Mr. David Cameron's Tory Party is on course to win 325 seats, enough for a Commons majority.
Predictions that the Conservatives will secure 316 seats is "an unprecedented vote of confidence in David Cameron", party chief whip Michael Gove has said.
The exit poll suggests the Conservatives will secure 316 seats - nine more than in 2010 - but not enough for a majority in the House of Commons.
Mr Cameron was "pleased" with the exit poll, said his chief spin doctor.
Mr Gove said if it is right, "it means the Conservatives have clearly won this election and Labour has clearly lost".
But Labour's shadow home secretary Yvette Cooper said she was "puzzled" by the poll and urged people to wait for the results before making predictions.
"It doesn't reflect any of the conversations and responses we've had," she said.
Commenting on the exit poll, Mr Gove told the BBC: "We haven't had an incumbent government increase its majority like this since 1983.
"And it would be an unprecedented vote of confidence in David Cameron's leadership and in particular in the message that we have reinforced throughout this campaign, which is that if people wanted to secure our economic security, they've got to make sure that David is in Downing Street."
He said it was too early to talk about potential post-election deals but if the exit poll proved right, "tomorrow the prime minister will outline the basis on which we can go forward with a secure and stable government in the national interest".
Mr Cameron would enjoy "considerable authority", he said, and it would be "by any measure a success" for him, despite the prime minister previously suggesting anything short of an overall majority would be a failure.
Craig Oliver, the prime minister's director of communications, said Mr Cameron was "pleased with the exit poll".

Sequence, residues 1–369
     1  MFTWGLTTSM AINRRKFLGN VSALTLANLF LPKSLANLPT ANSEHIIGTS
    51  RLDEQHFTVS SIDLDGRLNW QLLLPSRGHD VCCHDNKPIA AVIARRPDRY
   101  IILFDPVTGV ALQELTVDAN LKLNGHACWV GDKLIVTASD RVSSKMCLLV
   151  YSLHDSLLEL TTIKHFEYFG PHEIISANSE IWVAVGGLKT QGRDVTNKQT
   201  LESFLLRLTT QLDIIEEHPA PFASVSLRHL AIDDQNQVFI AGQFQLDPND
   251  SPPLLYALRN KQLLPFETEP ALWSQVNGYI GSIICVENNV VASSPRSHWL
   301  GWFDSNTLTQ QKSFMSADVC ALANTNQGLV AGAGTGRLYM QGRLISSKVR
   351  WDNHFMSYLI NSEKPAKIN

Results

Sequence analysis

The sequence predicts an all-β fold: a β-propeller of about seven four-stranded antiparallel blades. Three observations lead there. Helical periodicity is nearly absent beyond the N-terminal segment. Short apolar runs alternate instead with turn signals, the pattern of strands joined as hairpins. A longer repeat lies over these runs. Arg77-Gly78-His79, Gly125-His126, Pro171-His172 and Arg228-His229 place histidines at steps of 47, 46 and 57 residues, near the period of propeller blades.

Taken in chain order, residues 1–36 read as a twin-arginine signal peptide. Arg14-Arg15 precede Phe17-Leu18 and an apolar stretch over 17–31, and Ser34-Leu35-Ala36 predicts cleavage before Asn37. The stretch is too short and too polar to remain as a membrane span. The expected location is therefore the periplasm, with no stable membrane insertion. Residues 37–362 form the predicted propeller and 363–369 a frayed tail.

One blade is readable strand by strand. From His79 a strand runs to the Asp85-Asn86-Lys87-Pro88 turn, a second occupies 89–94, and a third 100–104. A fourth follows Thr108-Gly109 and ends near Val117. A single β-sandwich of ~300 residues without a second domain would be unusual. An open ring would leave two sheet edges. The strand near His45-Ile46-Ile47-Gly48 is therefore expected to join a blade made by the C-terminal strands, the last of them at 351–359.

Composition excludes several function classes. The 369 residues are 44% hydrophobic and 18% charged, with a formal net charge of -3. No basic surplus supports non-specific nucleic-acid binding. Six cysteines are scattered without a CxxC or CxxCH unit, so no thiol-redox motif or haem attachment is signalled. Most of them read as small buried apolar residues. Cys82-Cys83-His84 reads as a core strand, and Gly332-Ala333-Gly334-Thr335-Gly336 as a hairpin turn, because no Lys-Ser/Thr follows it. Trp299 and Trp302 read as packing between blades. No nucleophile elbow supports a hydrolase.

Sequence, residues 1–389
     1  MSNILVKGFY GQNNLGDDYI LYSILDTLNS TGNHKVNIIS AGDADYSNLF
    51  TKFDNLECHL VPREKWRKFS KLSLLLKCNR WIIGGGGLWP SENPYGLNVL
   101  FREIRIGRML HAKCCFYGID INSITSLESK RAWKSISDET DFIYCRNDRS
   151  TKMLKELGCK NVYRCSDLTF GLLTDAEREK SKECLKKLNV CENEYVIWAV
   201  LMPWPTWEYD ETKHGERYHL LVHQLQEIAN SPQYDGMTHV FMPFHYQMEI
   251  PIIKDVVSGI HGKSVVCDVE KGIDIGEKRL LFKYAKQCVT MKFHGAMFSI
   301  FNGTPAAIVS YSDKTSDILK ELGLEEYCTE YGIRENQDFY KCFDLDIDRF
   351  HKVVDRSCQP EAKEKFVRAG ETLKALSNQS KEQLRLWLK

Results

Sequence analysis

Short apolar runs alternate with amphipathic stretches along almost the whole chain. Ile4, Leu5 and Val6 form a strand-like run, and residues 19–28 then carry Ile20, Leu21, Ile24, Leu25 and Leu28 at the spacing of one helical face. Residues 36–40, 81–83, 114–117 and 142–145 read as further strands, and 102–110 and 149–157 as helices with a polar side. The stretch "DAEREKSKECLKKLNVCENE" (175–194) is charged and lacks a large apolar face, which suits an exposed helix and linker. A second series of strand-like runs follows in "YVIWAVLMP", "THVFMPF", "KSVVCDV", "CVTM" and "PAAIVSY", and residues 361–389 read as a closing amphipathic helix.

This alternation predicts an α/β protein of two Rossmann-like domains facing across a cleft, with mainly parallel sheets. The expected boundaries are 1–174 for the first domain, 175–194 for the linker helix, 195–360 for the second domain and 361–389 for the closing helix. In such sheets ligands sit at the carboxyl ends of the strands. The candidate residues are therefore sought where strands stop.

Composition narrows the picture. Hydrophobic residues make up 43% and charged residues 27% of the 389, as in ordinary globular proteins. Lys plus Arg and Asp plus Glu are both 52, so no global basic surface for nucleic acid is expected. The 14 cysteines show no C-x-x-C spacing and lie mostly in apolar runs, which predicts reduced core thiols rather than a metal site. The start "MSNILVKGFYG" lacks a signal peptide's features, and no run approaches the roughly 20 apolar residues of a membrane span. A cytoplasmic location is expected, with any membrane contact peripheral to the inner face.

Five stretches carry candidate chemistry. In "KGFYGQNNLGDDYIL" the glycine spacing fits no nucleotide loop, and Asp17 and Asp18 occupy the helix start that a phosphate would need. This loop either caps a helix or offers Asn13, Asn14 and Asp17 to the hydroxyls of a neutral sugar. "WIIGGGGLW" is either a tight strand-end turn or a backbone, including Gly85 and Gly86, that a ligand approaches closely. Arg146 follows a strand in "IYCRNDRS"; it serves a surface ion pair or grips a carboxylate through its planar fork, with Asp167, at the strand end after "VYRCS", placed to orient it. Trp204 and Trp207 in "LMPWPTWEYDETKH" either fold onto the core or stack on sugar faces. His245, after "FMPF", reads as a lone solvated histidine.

He said the PM was staying up to watch the election results at his constituency home in Witney, Oxfordshire, and had enjoyed beef pie and broccoli for dinner with his wife Samantha.
And London Mayor Boris Johnson, who is also standing in Uxbridge and Ruislip South, said: "If these exit numbers are confirmed throughout the night then obviously it's a very, very clear victory for the Conservatives and a very bad night for Labour."
'Price' to pay
However, a senior Conservative source was more muted in his reaction to the exit poll, saying: "Let's not get ahead of ourselves - let's see where we end up."
He told the BBC's Carole Walker if it is true, it is very encouraging and a good indication of the prime minister's standing, but he added that with many very tight marginal seats it was difficult to predict the final result.
The Conservatives could look to the Liberal Democrats to support them, but the exit poll suggests the Lib Dems will only win 10 seats.
DUP member Sammy Wilson said there would be "a price" to pay if his party entered any form of coalition with the Conservatives.
"The emphasis will be on getting the government at Westminster to recognise the economic difficulties we have in Northern Ireland," he told the BBC.
This would include looking at the impact terrorism has had on Northern Ireland's infrastructure and rebuilding the economy to make it less dependent on the public purse, he said.